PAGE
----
Coping with Chronic Pain
When pain is a part of your daily life as with degenerative conditions or autoimmune diseases, the aforementioned treatments usually won't work. You can't just rest or stretch the pain away. Chronic pain may lead to depression and weight gain, and it can make everyday life exponentially more difficult. But there is hope.
While there is no panacea for coping with chronic pain, there are methods to assuage or temporarily alleviate the pain. Mind-body practices, including yoga, qi gong and meditation, can help calm the mind and divert attention from the pain. Dietary changes can have a positive effect on arthritis and other inflammatory ailments. Exercise, which can seem daunting when you're in pain, can actually help reduce joint pain and stiffness, increase flexibility and release feel-good endorphins.
And the thing you can learn from chronic pain is how to be extremely honest with yourself and with others. Often, we don't want to admit that we need help, especially with everyday tasks that we once completed easily like doing laundry or walking the dog. But when a serious condition is causing prolonged pain, the best way to make time to deal with it is to admit you need help and to ask for it. You can't worry about whether your friends or family will think less of you for admitting weakness. If they love you, they won't. At the same time, you can't expect them to understand the amount of pain you're in unless you tell them.
How to Learn from Pain
So when life hands us pain, what should we do? We should listen to our bodies. We should rest. We should seek help. We should ignore the ego that tells us to "suck it up" or "push through it." And we should learn from the pain whatever we can. It is there to teach us a lesson, to get us to stop and pay attention—to slow down, to move differently, to find an alternative. While it might not come at the most convenient times (is there ever a convenient time to be ill or injured?), pain does serve a purpose, and if we're willing to listen, we can learn quite a bit from our pain.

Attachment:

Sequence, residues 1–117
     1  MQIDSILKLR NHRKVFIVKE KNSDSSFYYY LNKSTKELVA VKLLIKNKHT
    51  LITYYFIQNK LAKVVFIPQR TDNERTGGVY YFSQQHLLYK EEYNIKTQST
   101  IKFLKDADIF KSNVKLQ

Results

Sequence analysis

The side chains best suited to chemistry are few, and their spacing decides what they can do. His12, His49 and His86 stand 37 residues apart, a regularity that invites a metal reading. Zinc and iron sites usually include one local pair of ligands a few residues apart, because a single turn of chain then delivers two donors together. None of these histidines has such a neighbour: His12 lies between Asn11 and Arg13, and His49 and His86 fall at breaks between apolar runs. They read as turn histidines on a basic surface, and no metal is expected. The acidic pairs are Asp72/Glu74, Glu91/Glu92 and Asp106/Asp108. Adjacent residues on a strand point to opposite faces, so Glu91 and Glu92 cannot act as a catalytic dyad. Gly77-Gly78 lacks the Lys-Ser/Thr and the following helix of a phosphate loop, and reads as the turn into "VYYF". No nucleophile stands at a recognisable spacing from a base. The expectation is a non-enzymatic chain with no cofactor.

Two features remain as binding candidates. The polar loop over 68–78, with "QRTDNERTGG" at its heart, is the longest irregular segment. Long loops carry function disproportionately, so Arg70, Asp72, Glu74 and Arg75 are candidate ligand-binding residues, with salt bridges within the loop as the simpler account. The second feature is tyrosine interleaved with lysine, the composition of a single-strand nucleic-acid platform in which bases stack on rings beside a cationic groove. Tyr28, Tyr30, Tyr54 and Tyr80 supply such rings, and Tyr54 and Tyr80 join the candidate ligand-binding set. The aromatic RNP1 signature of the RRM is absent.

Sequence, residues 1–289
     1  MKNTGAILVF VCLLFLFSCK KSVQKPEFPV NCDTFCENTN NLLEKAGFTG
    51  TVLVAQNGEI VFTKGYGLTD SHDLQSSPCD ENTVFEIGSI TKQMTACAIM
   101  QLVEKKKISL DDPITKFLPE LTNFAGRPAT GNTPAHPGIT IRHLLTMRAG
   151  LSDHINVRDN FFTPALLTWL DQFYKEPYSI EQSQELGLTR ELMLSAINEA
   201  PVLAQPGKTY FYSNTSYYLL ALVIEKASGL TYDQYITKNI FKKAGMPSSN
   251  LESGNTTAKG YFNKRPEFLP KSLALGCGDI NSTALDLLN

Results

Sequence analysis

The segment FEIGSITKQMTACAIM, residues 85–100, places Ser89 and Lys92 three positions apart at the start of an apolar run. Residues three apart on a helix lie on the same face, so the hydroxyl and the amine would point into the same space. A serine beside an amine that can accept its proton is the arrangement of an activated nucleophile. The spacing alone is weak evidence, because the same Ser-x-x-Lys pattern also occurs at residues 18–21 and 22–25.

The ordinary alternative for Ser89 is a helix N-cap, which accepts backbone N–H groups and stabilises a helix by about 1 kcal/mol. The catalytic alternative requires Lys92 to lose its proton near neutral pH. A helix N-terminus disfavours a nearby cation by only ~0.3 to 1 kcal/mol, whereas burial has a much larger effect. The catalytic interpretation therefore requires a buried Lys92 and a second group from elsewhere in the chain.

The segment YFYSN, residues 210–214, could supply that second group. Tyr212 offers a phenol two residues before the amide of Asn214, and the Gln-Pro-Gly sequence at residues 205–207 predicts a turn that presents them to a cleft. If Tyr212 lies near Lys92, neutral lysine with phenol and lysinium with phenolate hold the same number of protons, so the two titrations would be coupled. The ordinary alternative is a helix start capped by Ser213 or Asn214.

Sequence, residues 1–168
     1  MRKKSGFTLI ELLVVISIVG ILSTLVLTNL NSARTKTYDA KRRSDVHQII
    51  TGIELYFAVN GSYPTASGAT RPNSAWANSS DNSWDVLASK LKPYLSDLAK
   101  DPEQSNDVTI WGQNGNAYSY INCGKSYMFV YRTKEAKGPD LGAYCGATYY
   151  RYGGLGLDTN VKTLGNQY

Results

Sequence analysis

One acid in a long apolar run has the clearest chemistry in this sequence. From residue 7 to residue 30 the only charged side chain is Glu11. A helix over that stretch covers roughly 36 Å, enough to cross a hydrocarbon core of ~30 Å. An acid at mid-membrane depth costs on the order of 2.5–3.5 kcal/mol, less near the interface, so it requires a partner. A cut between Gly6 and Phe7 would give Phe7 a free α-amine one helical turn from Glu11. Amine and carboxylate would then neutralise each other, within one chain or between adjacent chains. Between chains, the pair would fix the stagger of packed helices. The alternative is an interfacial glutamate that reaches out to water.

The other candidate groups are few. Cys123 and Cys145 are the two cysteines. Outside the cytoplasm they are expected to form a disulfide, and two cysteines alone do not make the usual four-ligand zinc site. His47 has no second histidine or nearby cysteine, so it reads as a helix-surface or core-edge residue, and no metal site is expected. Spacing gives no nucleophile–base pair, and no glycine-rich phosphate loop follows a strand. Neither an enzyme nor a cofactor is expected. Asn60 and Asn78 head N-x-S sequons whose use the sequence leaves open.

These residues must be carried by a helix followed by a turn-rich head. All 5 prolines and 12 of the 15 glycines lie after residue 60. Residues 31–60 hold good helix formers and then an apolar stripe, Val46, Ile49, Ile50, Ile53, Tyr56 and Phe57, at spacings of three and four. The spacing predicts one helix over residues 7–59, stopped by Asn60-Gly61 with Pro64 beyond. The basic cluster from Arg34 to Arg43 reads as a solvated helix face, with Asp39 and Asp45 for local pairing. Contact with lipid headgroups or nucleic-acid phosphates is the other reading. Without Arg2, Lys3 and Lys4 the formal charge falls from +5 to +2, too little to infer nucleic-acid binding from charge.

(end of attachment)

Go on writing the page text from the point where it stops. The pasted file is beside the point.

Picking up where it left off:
From personal experience, most tweaks and twinges that have turned into something more serious could have been prevented if I had just ignored my ego and looked at the bigger picture. Would you rather do less today and tomorrow to feel better or push through and risk being sidelined for a week? Would you rather use lighter weights during a strength session or push through and end up with an injury?
The ego is what tells us to add another two miles to our runs every day this week, even though we know guidelines suggest no more than a 10% increase a week. It's what tells us to mimic the woman next to us in yoga class, rather than modifying a posture based on our own body's limitations and capabilities. And it's what tells us that we've failed if we don't do more, better, faster, longer, stronger—NOW!
There's a fine line between motivating yourself and letting the ego take over. That line is different for every person in every situation, but the more time we spend listening to our bodies, the more time we spend learning about healthy living, and the less time we spend worrying about what everyone else thinks, the better off we'll be.
Listen to your pain. It will often tell you what to do in order to feel better and get back out there to live your life to the fullest. Just remind yourself that taking care of your body doesn't just happen during a workout or when you're ill or injured. It happens before and after, with targeted physical activities, rest, good nutrition and adequate sleep.
This article has been reviewed and approved by Nicole Nichols, Certified Personal Trainer.
The American Pain Society, "APS Press Room," www.americanpainsociety.org, accessed on April 22, 2013.
Hartfiel N, Burton C, Rycroft-Malone J, Clarke G, Havenhand J, Khalsa SB, Edwards RT. "Yoga for Reducing Perceived Stress and Back Pain at Work," Occupational Medicine, 2012 Dec;62(8):606-12.